The articles features an interview with the executive director of the Western Riverside Council of Governments, Rick Bishop:
"For example, there were approximately 360,000 homes traded during 2004 through 2007; virtually all of these properties are now "upside down," meaning that they are now worth less than what is owed on them. This represents about one-third of all the homes in Riverside and San Bernardino counties. Of these 360,000 homes, approximately 126,000 have received notices of default; and the remaining 254,000 could be in that queue once their mortgage rates, which are most likely tied sub-prime and adjustable loans, adjust in the next year or two."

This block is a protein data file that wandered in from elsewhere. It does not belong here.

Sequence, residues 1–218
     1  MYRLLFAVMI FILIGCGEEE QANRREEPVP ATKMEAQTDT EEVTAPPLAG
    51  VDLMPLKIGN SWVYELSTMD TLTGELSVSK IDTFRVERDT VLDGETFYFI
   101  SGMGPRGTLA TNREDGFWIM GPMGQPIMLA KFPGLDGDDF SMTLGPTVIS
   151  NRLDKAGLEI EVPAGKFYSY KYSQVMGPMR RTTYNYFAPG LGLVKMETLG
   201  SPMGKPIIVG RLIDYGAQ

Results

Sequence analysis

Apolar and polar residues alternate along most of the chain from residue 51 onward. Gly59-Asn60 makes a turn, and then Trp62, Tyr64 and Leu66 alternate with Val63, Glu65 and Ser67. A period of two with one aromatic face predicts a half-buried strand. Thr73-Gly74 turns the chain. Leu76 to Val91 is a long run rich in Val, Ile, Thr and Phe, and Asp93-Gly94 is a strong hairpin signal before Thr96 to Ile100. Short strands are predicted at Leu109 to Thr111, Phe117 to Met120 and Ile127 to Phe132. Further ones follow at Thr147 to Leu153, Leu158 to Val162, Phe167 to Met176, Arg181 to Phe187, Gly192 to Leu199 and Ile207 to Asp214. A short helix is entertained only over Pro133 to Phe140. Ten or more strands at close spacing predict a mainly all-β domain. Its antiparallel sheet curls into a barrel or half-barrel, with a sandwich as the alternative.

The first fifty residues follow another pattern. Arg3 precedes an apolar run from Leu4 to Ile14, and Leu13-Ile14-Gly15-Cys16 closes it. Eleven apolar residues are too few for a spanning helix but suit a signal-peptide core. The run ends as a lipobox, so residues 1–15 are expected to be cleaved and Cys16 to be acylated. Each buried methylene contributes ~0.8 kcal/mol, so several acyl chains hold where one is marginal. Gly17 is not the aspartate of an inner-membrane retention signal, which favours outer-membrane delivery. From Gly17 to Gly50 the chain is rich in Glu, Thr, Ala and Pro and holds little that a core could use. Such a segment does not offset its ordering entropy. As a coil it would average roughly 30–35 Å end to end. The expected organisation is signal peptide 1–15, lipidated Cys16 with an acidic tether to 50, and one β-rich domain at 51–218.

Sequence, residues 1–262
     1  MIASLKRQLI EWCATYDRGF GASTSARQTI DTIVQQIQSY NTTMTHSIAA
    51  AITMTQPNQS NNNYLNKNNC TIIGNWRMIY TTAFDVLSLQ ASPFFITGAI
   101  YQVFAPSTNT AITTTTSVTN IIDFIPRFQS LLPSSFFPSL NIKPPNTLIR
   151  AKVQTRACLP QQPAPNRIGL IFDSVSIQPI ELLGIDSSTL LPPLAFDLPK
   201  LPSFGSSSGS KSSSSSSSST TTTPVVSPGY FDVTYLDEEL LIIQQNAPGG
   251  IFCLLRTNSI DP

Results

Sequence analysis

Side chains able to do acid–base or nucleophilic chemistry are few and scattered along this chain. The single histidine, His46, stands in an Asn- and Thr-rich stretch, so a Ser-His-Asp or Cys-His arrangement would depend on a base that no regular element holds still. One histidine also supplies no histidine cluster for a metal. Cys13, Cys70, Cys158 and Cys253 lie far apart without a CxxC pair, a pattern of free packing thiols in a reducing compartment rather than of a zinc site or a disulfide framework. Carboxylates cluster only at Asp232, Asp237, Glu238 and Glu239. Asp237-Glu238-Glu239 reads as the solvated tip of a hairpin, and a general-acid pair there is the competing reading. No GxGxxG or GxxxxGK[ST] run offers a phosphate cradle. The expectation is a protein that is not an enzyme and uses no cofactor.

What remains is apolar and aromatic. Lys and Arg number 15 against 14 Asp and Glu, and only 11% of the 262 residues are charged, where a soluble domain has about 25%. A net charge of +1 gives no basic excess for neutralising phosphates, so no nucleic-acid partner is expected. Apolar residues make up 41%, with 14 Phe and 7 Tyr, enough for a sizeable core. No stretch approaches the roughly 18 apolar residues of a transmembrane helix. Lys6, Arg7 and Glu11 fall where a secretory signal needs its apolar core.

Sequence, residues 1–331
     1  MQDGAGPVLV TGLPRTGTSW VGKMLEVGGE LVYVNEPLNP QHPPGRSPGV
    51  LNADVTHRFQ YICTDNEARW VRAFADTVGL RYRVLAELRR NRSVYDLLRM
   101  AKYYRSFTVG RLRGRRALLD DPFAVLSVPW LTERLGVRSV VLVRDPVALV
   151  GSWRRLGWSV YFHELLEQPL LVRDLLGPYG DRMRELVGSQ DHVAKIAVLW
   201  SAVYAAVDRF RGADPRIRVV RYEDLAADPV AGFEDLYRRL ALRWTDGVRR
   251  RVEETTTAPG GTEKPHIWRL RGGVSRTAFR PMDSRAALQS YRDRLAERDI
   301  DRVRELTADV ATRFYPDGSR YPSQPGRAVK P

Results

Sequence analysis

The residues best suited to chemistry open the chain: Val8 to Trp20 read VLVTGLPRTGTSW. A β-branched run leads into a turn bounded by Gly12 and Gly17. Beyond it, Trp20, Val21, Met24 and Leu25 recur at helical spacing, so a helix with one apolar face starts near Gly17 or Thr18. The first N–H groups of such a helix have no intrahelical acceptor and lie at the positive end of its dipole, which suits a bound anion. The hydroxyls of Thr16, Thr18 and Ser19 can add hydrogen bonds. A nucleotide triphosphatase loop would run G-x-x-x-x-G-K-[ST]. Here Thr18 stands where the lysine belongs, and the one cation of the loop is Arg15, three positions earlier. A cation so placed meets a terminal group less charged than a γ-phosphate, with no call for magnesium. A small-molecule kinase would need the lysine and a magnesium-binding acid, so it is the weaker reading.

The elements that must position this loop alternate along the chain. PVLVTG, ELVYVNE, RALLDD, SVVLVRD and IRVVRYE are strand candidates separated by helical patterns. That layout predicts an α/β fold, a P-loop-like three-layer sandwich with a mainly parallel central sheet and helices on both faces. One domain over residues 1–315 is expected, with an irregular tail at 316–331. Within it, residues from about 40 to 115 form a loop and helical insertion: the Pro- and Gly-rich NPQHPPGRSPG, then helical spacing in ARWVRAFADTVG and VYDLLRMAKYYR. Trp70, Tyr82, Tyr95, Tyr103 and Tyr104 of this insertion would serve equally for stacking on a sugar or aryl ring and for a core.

"Western Riverside County has been the fastest growing area in California for the last several years, and even with the economic slow down it will remain the state's nadir for growth for the next two decades. These growth-related economic issues, both the good and the bad, are magnified in areas like ours. Notwithstanding this current situation, if you stay focused on the long-term, our region's growth-related challenges and opportunities remain the same. The economic situation in our sub-region, particularly given the heightened sensitivity to the ebb and flow of housing, serves notice to us that our sub-region still lacks diversity in the economy that would perhaps have helped us to better withstand this crisis."